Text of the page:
Egypt buries veteran diplomat Boutros-Ghali with top honours

CAIRO -- Egypt on Thursday laid to rest its veteran diplomat Boutros Boutros-Ghali, holding a funeral procession with top honours in the capital, Cairo, followed by a service at the nation's largest Coptic cathedral for the man who was the first U.N.

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chief from Africa.

Egyptian President Abdel-Fattah el-Sissi led the procession, walking at the front of the cortege as a horse-drawn hearse carried Boutros-Ghali's flag-draped coffin. The head of Egypt's Coptic Church attended the service in Cairo, along with senior dignitaries.

Eulogizing Boutros-Ghali, the Coptic patriarch, Pope Tawadros II, said Egypt was bidding "farewell to this fine example in Egyptian life and in Egyptian history."

UNESCO chief Irina Bokova, Arab League Secretary-General Nabil Elaraby as well as his predecessor Amr Moussa and other Egyptian ministers and officials attended the service at the Coptic Cathedral in the Abbassia district in Cairo.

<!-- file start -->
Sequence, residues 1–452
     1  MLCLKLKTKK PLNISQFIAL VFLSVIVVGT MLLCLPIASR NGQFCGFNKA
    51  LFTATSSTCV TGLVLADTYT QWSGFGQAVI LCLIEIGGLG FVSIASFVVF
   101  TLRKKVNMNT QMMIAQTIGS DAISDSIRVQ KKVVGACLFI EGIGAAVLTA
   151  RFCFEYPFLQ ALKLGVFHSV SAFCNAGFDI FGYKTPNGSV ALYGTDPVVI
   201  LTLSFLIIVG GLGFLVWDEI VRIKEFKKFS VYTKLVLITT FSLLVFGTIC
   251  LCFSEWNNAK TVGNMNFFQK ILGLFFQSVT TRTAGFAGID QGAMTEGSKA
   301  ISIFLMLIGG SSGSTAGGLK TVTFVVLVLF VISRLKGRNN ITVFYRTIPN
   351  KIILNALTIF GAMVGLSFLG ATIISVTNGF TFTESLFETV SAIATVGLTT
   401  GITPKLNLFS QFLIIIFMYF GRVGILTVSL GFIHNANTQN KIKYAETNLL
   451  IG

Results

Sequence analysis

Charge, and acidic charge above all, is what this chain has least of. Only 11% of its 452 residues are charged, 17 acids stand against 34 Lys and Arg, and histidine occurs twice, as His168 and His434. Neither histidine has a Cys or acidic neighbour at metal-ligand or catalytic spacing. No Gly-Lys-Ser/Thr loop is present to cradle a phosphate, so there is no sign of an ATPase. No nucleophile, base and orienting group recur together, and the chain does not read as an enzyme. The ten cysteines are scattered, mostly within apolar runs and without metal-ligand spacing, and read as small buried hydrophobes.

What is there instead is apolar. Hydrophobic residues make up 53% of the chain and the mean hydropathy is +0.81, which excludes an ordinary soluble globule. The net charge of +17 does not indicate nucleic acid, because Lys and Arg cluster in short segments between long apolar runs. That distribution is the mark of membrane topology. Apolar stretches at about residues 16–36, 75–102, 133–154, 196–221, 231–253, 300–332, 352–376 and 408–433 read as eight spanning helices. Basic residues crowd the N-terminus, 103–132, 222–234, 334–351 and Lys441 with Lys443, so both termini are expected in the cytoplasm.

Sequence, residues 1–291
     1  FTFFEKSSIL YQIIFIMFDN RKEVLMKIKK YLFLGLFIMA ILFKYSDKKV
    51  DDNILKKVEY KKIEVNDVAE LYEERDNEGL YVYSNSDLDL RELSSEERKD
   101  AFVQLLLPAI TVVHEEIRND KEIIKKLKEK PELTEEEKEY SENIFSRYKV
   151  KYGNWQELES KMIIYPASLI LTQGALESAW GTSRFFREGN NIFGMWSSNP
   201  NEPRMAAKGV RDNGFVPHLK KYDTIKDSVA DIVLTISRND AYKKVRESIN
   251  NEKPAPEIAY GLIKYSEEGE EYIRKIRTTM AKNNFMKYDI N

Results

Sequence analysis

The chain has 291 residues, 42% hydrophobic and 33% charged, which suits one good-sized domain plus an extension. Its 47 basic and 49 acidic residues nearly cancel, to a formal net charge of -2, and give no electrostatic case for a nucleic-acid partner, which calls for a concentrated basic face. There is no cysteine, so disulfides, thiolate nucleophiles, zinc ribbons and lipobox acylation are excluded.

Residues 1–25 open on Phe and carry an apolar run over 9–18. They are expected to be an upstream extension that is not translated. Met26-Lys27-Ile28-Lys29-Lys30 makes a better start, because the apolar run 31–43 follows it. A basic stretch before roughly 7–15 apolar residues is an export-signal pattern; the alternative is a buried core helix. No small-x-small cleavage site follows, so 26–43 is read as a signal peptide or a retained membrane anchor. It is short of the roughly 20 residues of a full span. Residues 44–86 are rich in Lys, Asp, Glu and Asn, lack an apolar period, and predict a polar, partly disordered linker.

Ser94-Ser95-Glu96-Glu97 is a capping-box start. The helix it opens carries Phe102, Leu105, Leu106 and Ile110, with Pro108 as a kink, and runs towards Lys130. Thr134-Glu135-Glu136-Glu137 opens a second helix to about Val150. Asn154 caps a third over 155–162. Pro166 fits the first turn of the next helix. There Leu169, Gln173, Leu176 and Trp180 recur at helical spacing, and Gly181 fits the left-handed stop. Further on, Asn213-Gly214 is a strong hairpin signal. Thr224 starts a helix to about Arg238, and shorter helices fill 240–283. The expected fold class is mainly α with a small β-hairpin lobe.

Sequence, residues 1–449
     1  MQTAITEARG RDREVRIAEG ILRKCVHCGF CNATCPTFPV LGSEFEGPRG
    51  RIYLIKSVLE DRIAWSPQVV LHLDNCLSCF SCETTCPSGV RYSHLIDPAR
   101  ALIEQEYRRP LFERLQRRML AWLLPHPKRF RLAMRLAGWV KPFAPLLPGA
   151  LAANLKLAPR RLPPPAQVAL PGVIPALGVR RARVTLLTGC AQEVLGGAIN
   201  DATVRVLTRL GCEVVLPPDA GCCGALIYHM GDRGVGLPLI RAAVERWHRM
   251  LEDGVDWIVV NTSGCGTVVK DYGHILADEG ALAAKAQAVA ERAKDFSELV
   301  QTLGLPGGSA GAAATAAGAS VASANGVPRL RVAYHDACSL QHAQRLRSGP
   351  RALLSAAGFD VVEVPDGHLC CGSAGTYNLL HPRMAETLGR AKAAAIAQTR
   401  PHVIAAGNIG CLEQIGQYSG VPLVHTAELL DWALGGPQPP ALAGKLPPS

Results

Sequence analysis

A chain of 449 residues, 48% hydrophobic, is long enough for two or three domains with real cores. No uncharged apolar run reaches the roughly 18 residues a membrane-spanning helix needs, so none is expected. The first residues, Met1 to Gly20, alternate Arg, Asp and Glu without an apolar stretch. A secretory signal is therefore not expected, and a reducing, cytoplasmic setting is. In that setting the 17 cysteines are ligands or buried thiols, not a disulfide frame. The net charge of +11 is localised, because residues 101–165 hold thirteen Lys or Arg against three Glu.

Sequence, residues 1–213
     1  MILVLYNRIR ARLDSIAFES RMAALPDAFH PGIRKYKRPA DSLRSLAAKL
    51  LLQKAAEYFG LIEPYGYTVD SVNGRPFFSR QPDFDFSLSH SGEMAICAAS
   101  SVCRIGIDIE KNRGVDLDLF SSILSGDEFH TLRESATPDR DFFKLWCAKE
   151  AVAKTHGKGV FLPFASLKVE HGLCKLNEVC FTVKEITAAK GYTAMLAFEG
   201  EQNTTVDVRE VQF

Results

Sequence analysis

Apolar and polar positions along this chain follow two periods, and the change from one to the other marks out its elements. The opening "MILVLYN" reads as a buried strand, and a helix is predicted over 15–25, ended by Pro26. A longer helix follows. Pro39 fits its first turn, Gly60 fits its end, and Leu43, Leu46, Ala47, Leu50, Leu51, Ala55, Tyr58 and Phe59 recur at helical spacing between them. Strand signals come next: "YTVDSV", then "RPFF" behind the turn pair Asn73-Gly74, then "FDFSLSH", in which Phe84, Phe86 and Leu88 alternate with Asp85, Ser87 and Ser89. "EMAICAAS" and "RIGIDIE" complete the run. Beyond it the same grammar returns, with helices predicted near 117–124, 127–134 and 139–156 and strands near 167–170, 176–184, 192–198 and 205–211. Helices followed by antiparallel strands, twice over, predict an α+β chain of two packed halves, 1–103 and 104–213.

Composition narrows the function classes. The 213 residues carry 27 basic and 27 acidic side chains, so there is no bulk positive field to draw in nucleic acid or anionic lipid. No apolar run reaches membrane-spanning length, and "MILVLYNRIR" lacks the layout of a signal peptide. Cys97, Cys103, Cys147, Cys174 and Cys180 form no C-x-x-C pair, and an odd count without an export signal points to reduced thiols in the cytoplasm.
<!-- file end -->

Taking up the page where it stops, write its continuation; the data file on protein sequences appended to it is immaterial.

Boutros-Ghali, who died on Tuesday at the age of 93, helped negotiate Egypt's landmark peace deal with Israel but then clashed with the United States when he served a single term as U.N. secretary-general.

The scion of a prominent Egyptian Christian political family, he was the first U.N. chief from the African continent, stepping into the post in 1992 at a time of dramatic world changes, with the collapse of the Soviet Union, the end of the Cold War and the beginning of a unipolar era dominated by the United States.

His five years at the world body's helm remain controversial. He worked to establish the U.N.'s independence, particularly from the United States, at a time when the United Nations was increasingly called on to step into crises with peacekeeping forces, with limited resources.

Some blame him for misjudgments in the failures to prevent genocides in Africa and the Balkans and mismanagement of reform in the world body.



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